Tijuana: Violent clashes as arriving ‘caravan’ migrants square off against protesting residents

Tijuana: Violent clashes as arriving ‘caravan’ migrants square off against protesting residents
Local residents in Tijuana protest migrants on 15 November 2018. Twitter video

Members of the first migrant caravan from Central America continue to arrive in Tijuana, and their increasing numbers have Mexican locals on edge.  On Thursday night, about 300 residents of Tijuana came out to protest the activities of migrants coming into their neighborhood.  A confrontation between the migrants and residents turned violent when some of the migrants, according to on-scene reports, began throwing rocks.


The Tijuana residents have reason for concern, as it is not clear what will happen with the migrants.  Local authorities have set up shelters for them, but many of the migrants — young men in particular — are refusing to use the shelters.

A few migrants have tried scaling the fence into the U.S., and have been promptly arrested by the U.S. Border Patrol, which vows to keep the border secure against illegal entry.  The Mexican government’s response has so far been a mix of good-faith efforts to winnow down the caravan, by offering asylum and assistance in Mexico, and arrangements to move the migrants along through the country toward the U.S. border.

The U.S. has been emphasizing via social media and other outreaches that there are nine consulate facilities in Mexico where the migrants can apply for entry, on an asylum basis or otherwise, and that participants in the caravan should avail themselves of that method rather than attempting illegal entry.

Moreover, President Trump approved an order last week restricting asylum processing to persons who cross at designated points of entry.  Illegal border crossers can’t turn themselves in and request asylum outside those points of entry.  Tijuana is one of the designated points of entry, and it is unclear whether the nearly 2,000 migrants who have already arrived there intend to apply for asylum in the orderly and approved manner.  So far, the news has focused on the attempts of some migrants to cross illegally.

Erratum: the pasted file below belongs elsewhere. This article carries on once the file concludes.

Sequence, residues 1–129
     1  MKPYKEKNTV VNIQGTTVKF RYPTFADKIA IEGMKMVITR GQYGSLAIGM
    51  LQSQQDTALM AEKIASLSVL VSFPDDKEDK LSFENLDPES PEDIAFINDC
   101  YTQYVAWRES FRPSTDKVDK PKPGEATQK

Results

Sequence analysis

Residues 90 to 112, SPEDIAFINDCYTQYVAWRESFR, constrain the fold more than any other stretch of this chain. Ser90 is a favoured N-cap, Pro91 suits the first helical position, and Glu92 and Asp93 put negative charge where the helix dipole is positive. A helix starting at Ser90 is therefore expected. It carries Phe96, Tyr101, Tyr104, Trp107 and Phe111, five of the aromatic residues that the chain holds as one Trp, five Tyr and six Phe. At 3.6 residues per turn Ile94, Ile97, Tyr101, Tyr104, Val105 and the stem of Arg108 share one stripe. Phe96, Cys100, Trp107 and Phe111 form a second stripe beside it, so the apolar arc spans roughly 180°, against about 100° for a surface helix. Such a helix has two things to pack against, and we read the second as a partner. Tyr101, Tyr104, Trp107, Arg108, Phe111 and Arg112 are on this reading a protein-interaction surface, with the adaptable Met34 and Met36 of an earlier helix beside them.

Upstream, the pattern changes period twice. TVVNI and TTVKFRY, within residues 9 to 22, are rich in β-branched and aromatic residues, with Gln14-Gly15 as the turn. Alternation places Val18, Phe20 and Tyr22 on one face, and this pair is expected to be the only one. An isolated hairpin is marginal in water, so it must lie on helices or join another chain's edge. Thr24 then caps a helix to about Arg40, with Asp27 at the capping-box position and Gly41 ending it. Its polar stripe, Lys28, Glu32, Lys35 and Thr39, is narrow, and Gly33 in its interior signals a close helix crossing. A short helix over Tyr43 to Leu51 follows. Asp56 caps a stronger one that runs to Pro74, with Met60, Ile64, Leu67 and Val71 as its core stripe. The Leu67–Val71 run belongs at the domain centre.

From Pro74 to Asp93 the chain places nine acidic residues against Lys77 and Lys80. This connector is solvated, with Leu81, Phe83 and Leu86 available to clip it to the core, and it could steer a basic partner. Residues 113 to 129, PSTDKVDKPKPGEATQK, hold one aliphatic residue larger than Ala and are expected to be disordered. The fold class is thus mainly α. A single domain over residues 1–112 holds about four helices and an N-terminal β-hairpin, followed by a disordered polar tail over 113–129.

There is reason to suspect that caravan members could choose not to present themselves at ports of entry, and opt instead for proving a political point with illegal crossings.  Several new-media investigators have traveled with the caravan to learn ground truth about it, and one of the most recent reports confirmed that the presence in it of Pueblo Sin Fronteras (People Without Borders) is pervasive.  The far-left activist group is playing a key organizing role, as it has for a decade in ginning up previous, smaller caravans.

Pueblo Sin Fronteras has an avowed goal of invalidating and erasing national borders — starting with the U.S. border.  It’s possible that the Trump administration’s deterrent posture at the border will cause the approaching caravans to lose motivation and political steam.  They could largely dissipate, faced with little prospect of success in demonstrating the point Pueblo Sin Fronteras wants to prove.  But the caravans, composed mostly of young men, may instead try a mass, overwhelming push somewhere, urged on by the radical organizers.

There’s evidence that the organizers have a goal of taking “collective action.”  The founder of Pueblo Sin Fronteras, Irineo Mujica, is in Tijuana with the migrants, and has been encouraging them to stay away from the shelters provided by the local authorities.  He wants them to remain on the beaches, where many of them first opted to stay. (The locals are not happy about that — one of the reasons they are protesting.)  This passage is from the MSN.com link at the top:

As the conflict intensified, Irineo Mujica, an immigrant activist who helps organize migrant caravans, said the migrants still at the beach – and the ones en route to Tijuana – wouldn’t go to the shelters. He referred to them as “jails” with strict curfews. He said he was concerned that non-governmental organizations wouldn’t be allowed into the shelters, making it harder for the migrants to remain organized as one collective.

“For this reason – because this is oppression – we prefer to be in the streets, in the cold, rather than in a jail,” Mujica said.

If the migrants continue to sit in Tijuana, with no evidence that they are seeking asylum at the point of entry, the questions about what they’re really there for will remain. Tensions with the locals are likely to increase.  Reportedly, the Mexicans in Tijuana have shouted “Primero Mexico!” (Mexico first!) in confrontations with the migrants and the harassed local authorities trying to figure out what to do with them.

Others sang the Mexican national anthem and waved their flag.

New reports suggest that most of the first caravan will get to the U.S. border by early next week.

LU Staff

LU Staff

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